Christmas Eve, I usually picked Mama up and took her to Angie’s, where we would enjoy a non-traditional meal like tortilla soup and open our gifts to each other. Mama did her Christmas shopping at home the last few years – choosing things from her treasures she thought each of us would enjoy having. The last Christmas she was with us, she chose a box for each grandchild. She had a thing for boxes – trinket boxes, jewelry boxes, display boxes. She gave her grandson a display case to put treasures in, her granddaughter an ornate box with a jeweled medallion on the center of the lid, and my daughter, a rich cherry wood jewelry box. She gave my sister and I each a piece of petticoat glass: a cake stand for Angie, because she’s the baker in the family, and a pretty bowl for me. I remember her serving Watergate salad in that bowl when I was a kid. When I picked Mama up last year, even though she was worried about getting to Angie’s on time, I drove through a couple of neighborhoods so she could see some Christmas lights. She always loved them, and I’m so glad we did that. It’s a good memory for me.

This Christmas Eve, we decided to do something completely different. My sister would be coming off a 12 hour night shift at the hospital where she worked, and it just seemed silly to try to prepare food after working so hard the night before. She took a nap and we went over mid-afternoon to open gifts. Afterwards, we went out to dinner at a very nice Brazilian grill in Clear Lake. It was really nice, and I think a little easier to handle, since it was different from our normal.

We’ve had a couple of birthdays since then, and I think my birthday was the hardest day I’ve had since she left. Every year since moving away from home, she would call me and sing “Happy Birthday” to me. If I concentrate really hard, I can hear her singing it in my head.

It’s been six months and I still miss her. I always will.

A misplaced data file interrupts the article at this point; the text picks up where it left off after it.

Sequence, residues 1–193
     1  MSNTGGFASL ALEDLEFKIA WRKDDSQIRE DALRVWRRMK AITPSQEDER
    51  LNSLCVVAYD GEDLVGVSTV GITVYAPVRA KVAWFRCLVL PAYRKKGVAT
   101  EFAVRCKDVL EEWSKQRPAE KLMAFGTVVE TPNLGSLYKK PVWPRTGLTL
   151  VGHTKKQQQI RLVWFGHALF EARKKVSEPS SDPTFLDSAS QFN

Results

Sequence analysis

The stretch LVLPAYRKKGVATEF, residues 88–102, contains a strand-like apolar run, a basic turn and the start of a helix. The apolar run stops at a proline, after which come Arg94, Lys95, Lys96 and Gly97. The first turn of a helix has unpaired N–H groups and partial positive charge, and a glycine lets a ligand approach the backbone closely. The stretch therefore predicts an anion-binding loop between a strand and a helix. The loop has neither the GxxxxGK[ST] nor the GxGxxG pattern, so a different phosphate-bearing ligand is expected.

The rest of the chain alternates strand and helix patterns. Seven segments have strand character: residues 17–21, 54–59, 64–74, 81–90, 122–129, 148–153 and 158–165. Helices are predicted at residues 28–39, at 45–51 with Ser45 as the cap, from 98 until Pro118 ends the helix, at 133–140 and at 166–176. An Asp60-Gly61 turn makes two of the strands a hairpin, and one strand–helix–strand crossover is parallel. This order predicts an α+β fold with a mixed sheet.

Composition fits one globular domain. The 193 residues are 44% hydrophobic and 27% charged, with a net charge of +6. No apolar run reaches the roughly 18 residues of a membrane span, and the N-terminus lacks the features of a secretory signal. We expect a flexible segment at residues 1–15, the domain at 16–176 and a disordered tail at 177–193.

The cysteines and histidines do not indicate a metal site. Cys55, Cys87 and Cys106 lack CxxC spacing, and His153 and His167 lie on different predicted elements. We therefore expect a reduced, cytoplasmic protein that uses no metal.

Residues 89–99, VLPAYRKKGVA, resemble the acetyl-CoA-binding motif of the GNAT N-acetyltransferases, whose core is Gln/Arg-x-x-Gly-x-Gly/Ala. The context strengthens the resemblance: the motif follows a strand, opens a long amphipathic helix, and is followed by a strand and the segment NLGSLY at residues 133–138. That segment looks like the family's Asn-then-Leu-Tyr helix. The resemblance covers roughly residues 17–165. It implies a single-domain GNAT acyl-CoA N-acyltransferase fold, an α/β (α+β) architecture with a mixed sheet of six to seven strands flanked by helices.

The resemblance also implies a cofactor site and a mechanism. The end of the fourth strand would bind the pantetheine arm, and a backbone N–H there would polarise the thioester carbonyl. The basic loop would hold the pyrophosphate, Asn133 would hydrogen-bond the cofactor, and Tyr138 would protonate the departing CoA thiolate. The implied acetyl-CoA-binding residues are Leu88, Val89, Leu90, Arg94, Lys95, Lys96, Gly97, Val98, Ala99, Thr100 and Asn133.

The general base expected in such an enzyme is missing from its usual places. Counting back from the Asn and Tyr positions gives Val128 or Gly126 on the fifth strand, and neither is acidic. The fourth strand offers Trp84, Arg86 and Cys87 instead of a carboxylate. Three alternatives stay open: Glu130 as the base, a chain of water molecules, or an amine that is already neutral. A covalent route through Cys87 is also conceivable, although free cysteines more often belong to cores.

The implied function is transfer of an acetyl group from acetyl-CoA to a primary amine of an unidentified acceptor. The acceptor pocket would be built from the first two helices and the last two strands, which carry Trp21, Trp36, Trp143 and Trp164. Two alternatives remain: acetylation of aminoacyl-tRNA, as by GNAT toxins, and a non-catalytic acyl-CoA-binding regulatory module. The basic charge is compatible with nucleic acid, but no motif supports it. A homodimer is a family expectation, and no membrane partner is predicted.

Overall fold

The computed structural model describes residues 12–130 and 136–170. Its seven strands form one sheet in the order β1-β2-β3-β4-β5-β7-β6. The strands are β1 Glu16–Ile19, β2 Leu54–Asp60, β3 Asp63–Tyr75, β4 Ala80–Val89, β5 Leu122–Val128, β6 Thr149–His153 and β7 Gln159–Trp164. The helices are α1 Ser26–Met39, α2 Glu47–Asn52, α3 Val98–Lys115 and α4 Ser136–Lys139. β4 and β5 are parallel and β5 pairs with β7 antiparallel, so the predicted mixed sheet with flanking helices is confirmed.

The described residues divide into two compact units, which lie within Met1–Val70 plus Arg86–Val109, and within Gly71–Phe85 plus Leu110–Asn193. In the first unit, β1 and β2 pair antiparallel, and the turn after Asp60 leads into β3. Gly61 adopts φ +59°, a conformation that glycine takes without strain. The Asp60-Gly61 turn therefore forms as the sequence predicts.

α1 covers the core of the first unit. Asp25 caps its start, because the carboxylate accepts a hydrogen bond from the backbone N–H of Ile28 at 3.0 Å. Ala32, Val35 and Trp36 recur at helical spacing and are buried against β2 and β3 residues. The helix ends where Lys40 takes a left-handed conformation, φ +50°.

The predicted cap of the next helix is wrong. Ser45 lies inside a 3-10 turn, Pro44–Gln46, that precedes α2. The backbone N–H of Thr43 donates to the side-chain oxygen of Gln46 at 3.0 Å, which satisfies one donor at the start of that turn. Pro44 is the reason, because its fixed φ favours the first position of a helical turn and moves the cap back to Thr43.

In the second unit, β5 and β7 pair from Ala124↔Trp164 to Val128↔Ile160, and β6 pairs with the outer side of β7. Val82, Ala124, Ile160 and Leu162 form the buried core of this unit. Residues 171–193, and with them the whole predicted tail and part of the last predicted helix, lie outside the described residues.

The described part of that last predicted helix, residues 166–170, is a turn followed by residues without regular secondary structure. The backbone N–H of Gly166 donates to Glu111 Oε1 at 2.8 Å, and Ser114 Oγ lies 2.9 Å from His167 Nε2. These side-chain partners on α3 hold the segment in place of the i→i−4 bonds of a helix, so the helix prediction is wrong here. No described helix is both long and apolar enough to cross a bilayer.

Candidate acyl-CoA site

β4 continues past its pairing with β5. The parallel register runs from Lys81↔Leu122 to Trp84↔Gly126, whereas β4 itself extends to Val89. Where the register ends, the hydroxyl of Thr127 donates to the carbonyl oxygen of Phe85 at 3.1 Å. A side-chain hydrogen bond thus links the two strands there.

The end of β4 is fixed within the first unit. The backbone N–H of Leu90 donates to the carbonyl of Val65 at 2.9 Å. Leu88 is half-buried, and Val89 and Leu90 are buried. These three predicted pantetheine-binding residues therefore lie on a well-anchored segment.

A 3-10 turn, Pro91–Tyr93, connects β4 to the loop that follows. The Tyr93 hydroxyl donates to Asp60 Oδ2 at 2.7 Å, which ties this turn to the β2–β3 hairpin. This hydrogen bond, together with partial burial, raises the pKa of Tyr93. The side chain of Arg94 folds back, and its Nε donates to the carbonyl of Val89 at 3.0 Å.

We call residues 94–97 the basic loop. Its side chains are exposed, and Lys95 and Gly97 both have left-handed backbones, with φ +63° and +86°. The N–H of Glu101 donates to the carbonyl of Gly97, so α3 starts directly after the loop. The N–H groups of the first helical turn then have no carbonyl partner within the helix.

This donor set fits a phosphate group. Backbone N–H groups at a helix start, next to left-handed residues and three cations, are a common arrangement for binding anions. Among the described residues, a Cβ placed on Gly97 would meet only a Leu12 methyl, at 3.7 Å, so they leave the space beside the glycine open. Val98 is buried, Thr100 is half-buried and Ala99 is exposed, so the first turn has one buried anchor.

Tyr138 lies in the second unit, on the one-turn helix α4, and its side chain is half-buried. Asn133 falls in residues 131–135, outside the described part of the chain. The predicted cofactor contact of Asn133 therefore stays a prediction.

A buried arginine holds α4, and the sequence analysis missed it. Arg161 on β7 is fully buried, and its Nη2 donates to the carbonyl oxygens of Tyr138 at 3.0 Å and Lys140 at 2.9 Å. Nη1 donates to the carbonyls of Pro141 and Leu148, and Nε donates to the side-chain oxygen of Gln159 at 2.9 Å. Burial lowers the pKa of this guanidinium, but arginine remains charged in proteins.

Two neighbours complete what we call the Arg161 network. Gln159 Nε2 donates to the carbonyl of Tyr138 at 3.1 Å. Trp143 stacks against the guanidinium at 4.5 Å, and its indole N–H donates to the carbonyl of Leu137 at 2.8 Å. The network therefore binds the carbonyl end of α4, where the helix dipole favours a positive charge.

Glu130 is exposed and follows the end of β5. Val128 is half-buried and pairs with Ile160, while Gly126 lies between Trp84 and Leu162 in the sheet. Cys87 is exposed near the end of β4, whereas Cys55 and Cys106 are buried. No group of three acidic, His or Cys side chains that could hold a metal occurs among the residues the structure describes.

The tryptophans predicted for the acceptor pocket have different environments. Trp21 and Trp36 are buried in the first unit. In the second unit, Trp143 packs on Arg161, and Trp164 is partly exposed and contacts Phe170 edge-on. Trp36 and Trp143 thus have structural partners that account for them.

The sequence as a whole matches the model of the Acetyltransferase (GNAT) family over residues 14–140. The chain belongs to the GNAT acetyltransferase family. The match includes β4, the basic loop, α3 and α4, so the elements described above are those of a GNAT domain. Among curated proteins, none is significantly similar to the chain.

And I’m back…

I just read a thought provoking article and it rang true on so many points. I’m pretty sure that some will see the title and get their hackles up, thinking “Not ANOTHER list of rules…” Hear me (and the article) out, though.

Some of us are pretty damaged (parent AND child) by some of the teachings we heard and tried to apply as ‘homeschoolers’. Going to homeschool conventions, we heard seminars on discipline and courtship and purity, and in our heartfelt desire to please God, we tried to follow rules that were created by men, rather than just listen to the Holy Spirit’s guidance through the years.

It doesn’t help that I’m one of those people who can be hardheaded when I think I’m right about something. When I try to explain that I’ve had a change of mind, the person on the other end of the conversation usually ends up struggling with doubt because I was so convinced before, and suddenly I’m not.

Reading this article though – it’s so full of wisdom and common sense. I just think it would be really hard to argue with any of the “rules” set forth, now or in the future. I don’t even like calling them “rules,” because it’s more a list of concepts to think about and apply as the Holy Spirit leads. There’s good stuff here, whether you plan to stay single or desire to marry some day.

Winter Stroll

Please read, share, and consider for your own lives and the important decisions you have to make as you journey through life:

10 Rules of Christian Dating


I’ve been hanging out at the local coffee shop today, working on my novel.  My daughter had a break mid-day and so she met me for lunch and we had a great conversation regarding our writing and our words.

She let me read several poems she’d written on Evernote.  I’ve read her blogs and some of her stories, but I’d not read her poetry before.

She prefers free verse and I chuckled, because in my poetry writing days, I preferred free verse, too.  We agreed that sonnets and the like are too confining, too restrictive.  But as I read several of her poems I stopped chuckling.

Because she writes better poetry than I ever thought about writing.  And I won an award or two for mine, so it’s not too shabby.

I love my daughter’s words — her words like little mirrors reflecting the sparkling depths of her heart and soul.

Keep writing those beautiful words, baby girl… as if you could stop.  You’d sooner give up oxygen than give up your words.